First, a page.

The majority of the game features the Doctor and River running around a variety of times, spaces and planets, unraveling the mystery of the Eternity Clock through solving puzzles, platforming, teamwork and clever quips.

As a singleplayer game The Eternity Clock can be a little boring, with one player having to do all the work, alongside a fairly dumb AI controlling the Doctor or River – but get another player on the split-screen or online and the title comes to life – this is a game designed to be played with friends.
The puzzles the game throws at you between bouts of out-running armies of Cybermen are a mixed bunch, with several difficulty levels available for both hardcore gamers and the game’s target audience – kids.

Some test your reflexes and mental arithmetic, others your patience and outside-the-box thinking.
The action scenes are the weaker aspect of the game, however, and aren’t helped by the clunky controls.

They’re also not helped by the 3D-background, 2D viewpoint style of the game, which is often a little jarring to the eye, and can result in the Doctor and River trying to zap enemies while flinging their arms arms around like Stretch Armstrong.
The graphics are also pretty shoddy, with rough textures abundant, despite some of the clever platforming challenges the game serves up. The game’s characters also don’t move their mouths when talking, and run like they’re trying to hurdle a Mini Cooper with every step. The Doctor is also astonishingly spry for a centuries-old alien, acting more like the Prince of Persia than a Timelord.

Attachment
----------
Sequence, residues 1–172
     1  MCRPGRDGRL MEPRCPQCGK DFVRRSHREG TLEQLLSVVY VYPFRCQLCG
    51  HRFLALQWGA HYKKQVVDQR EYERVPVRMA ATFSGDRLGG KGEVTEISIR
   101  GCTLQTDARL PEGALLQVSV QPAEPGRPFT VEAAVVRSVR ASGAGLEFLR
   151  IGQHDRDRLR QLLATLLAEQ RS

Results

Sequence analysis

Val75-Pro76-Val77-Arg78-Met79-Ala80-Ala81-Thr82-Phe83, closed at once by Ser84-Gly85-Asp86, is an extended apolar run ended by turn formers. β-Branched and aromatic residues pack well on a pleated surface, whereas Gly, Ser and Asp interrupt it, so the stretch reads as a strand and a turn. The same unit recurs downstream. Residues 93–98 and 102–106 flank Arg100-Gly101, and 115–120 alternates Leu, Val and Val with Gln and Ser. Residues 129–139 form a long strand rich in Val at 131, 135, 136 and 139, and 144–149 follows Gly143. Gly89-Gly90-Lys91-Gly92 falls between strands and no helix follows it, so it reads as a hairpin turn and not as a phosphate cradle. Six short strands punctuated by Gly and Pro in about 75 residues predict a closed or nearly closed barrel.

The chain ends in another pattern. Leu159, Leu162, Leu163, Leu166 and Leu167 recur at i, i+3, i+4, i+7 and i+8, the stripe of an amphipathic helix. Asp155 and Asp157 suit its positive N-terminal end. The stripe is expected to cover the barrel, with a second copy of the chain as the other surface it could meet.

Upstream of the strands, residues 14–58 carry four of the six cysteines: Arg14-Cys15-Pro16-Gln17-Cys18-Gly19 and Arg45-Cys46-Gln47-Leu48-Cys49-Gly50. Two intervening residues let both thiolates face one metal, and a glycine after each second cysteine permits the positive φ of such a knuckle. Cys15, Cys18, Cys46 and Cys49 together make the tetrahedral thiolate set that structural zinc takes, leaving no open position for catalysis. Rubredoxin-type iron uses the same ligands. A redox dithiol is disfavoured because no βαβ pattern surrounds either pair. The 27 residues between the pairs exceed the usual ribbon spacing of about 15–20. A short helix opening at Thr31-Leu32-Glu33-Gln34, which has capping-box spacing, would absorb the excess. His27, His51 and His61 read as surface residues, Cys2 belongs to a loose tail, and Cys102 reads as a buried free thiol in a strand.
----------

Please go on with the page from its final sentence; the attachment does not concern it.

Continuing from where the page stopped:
That said, the voice acting and scriptwriting is excellent, and had me chuckling throughout the whole game. This is one for a bigtime Who fan or a young gamer – there’s no hardcore challenge to be had here.

Reviewed on PS3

Tuesday, June 12, 2012

Review: Dragon's Dogma

It’s a rare thing indeed for a completely new IP to see the light of day - and particularly one so ambitious - but Capcom has taken no prisoners with the arrival of Dragon's Dogma.

For those of us feeling somewhat deflated now we’ve scoured every inch of Skyrim, had our fill of Fus Ro Dah-ing and heard countless tales of arrows to the knee, Dragon’s Dogma proves a welcome addition to the rapidly populating catalogue of RPGs for our consoles.

Capcom has high hopes for its new franchise and Dragon’s Dogma certainly offers plenty of potential for expansion and follow ups. Brought to us by the guys behind Resident Evil 4 and Devil May Cry 4, it combines the facets of games such as Skyrim and the thoroughly unforgiving Dead Souls. Dragon’s Dogma is huge, engrossing and tough - albeit a little rough around the edges.

Signposting and handholding is not part of its remit here and you’ll find yourself wandering the vast environments not knowing precisely where you’re headed most of the time… or what’s waiting round the corner. But it’s that sense of freedom that makes Dragon’s Dogma so magical and appealing.

The plot goes something like this: the titular dragon unexpectedly attacks your sleepy seaside hometown of Cassardis and things don’t end well. While many of your peers scarper, fearing for their lives, you grab a blade and do your best to down the beast. It doesn't end well and the winged one emerges victorious, skewering and then swallowing your heart in the process. Oddly, you don't die but awake some time later to become one of the "Arisen". Rather than just counting your blessings and getting on with life as best you can without a heart, our protagonist takes it upon him or herself to track down that pesky dragon and retrieve it!  Cue plenty of exploration and combat as your roam the vast realm, coming across all kinds of fantastical creatures along the way.